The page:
Math = Love: Students Offer Alphabetical Advice

Monday, May 2, 2016

Students Offer Alphabetical Advice

My motivation to blog lately has been pretty non-existant.  There's a couple of things I could blame it on.  Being busy and  (Think: state testing and finishing up my action research project so I can graduate with my master's in a couple of weeks) being out of my routine at work.  (Think: keeping students busy after state testing and packing up my classroom to prepare to move our stuff this week to a different building for next year.)

Grad school will be done in two weeks. (SO excited about this one!)  My fourth year of teaching will be over in ten days. (Where in the world has the time gone?)  It's time to get back to blogging.  Therefore, I've decided I'm going to participate in the #MTBoS30 challenge.  (If you haven't heard about it, a bunch of MTBoSers are planning to blog a bunch--30 times to be exact.)  Over the next 30 days, I am going to try to blog once per day.  It's time to start reflecting on this year and start thinking about changes that I want to see happen next year.  I've started reading more in the past week or so, so I want to share some of my recent reads with you, too.

Today, I want to share an end-of-year project I did with my students this year.  It's an idea I had and blogged about back in August of this school year.  It's a good thing I blogged about it because I would have totally forgotten about it otherwise.  The idea was to have my students write a piece of advice to future students starting with each letter of the alphabet.  The best advice for each letter would be compiled and shared with the next year's classes.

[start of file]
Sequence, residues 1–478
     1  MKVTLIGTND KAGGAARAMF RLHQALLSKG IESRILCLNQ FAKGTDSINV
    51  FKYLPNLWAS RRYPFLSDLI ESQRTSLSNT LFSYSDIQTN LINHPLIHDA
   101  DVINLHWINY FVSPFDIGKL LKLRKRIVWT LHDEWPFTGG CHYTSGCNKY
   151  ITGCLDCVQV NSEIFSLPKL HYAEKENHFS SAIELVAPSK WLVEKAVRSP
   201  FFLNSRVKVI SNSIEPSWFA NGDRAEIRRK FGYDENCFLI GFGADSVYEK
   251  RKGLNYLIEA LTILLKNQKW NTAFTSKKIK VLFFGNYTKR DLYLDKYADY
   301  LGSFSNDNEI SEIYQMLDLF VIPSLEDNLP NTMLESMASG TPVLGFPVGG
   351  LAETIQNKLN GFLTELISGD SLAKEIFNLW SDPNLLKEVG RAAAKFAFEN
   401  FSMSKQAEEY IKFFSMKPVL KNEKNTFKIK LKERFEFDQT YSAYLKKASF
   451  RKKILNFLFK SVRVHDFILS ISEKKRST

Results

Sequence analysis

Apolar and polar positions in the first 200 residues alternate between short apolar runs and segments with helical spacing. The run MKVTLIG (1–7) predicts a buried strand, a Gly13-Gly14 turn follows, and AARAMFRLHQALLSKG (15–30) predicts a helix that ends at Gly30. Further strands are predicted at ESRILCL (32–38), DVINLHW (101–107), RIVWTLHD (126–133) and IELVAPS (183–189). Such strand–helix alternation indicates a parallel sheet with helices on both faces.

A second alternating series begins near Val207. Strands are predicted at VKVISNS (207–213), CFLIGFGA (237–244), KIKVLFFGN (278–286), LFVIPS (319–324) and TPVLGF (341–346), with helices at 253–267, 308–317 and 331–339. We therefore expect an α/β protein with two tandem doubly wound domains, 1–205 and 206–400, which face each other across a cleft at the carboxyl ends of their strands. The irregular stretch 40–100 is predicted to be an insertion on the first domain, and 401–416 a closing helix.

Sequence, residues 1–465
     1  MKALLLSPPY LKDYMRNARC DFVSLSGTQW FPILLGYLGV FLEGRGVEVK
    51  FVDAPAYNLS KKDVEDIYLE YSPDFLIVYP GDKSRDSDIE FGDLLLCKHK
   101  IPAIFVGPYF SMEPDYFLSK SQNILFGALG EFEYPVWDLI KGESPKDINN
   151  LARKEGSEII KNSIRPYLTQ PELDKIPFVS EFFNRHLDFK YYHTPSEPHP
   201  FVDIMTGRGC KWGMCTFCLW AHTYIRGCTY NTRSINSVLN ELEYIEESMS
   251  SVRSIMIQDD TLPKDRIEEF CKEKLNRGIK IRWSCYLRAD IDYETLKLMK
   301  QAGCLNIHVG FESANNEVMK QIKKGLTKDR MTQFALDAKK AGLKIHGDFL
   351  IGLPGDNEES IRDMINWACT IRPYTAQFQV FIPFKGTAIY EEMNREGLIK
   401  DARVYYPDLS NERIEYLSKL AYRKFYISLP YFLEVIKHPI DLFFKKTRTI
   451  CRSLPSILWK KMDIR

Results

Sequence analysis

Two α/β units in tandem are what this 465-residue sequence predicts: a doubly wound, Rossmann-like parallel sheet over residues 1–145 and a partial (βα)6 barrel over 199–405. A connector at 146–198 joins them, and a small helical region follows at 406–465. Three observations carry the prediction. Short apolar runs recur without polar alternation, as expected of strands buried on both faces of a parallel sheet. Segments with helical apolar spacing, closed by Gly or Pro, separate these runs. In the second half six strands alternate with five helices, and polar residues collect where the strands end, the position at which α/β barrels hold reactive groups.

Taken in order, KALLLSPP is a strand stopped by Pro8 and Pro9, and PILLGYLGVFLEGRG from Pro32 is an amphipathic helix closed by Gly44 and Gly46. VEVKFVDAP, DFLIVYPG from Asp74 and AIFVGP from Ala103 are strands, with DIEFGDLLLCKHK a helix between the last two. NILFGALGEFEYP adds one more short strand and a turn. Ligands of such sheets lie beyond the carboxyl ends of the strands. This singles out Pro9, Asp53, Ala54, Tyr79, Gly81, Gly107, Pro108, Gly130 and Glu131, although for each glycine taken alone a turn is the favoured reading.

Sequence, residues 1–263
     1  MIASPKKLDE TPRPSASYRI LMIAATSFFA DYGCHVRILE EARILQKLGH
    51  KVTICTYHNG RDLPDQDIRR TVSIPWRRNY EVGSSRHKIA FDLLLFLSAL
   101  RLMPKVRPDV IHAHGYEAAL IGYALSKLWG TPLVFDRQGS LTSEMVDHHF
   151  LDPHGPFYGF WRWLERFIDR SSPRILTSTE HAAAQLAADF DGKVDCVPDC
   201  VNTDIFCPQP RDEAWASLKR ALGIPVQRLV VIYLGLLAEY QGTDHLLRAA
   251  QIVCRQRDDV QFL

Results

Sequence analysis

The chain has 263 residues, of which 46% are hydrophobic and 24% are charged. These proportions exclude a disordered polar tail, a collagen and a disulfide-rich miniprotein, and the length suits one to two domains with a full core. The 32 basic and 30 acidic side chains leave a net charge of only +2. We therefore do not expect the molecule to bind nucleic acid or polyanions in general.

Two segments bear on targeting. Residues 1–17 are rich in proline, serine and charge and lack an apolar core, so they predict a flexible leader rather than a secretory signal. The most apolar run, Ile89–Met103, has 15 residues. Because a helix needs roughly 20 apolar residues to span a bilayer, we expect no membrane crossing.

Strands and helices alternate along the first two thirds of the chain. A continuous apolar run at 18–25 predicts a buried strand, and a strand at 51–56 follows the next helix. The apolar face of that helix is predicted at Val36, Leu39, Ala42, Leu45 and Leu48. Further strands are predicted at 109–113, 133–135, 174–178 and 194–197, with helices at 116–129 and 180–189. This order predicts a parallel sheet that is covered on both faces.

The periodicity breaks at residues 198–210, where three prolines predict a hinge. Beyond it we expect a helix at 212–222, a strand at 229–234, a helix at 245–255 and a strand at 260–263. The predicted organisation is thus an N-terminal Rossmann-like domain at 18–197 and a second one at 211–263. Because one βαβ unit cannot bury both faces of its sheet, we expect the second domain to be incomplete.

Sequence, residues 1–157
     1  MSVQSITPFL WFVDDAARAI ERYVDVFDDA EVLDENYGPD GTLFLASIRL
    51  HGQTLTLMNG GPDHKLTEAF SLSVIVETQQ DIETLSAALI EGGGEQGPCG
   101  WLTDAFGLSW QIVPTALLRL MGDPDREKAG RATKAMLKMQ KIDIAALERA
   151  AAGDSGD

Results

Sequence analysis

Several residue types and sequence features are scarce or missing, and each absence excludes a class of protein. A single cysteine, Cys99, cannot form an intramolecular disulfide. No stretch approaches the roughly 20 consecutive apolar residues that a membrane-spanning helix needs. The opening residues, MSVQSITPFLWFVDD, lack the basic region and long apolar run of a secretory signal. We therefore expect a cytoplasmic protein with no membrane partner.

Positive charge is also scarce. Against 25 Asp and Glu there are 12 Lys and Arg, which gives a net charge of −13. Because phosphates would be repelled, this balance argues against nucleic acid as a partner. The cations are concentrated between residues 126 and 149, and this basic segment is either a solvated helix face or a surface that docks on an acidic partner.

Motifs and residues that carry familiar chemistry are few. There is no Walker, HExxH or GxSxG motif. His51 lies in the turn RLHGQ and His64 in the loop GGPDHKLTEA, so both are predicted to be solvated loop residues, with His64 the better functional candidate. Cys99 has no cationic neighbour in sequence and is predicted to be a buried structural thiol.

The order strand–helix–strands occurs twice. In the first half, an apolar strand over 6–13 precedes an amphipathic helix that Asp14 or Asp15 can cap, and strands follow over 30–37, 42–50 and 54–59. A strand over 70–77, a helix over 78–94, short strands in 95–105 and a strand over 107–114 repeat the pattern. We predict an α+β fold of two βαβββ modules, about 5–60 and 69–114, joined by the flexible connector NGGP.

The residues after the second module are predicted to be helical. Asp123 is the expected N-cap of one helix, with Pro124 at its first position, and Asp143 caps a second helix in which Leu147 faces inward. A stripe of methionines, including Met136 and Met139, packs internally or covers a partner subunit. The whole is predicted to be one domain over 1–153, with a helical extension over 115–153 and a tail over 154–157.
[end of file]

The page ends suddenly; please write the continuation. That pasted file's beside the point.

I'd forgotten about this idea until I was searching for something on my blog the other day and it popped up in the search results.  I printed off the sheets and handed to them to my students to work on during one class period after state testing was over.  

I experimented doing this activity several different ways.  With my first few classes, I had them compile their answers in groups and then vote to decide which group had the best answer.  This just led to a lot of unnecessary arguing and really got on my nerves.  For the rest of the day, I had students just complete the sheets on their own.  I ended up going through and picking out what I thought was the best pieces of advice.  

So, here is the advice my students would give future students: 

There were plenty of silly outtakes, too.  But that'll have to be another post for another day.  


  1. I LOVE this!! I might steal the idea, in fact, if you don't mind. I love getting into students' heads and seeing what they are thinking!

  2. So beautifully presented! Awesome Sarah and congrats on Grad School.
    Thanks for Sharing!

  3. This idea was so much fun! I have 4 sections of Algebra 2 so each section created their own list. I then set them up on a google form and let them vote on the overall winner for each letter. While "voting" I overheard a student saying "These are all so awesome!"
    Love your blog! Looking forward to doing the tombstone project tomorrow! Thanks for sharing the great ideas!

  4. Can I...uh.. put these up in my classroom?? They're awesome!

  5. So stealing this for the end of this next school year ;)!!

    Thank you for all the freebie ideas!!

    Also, congrats on getting married!

  6. Luv this! They may appear in my classroom in September.

  7. You're awesome Sarah, thanks for the hard work.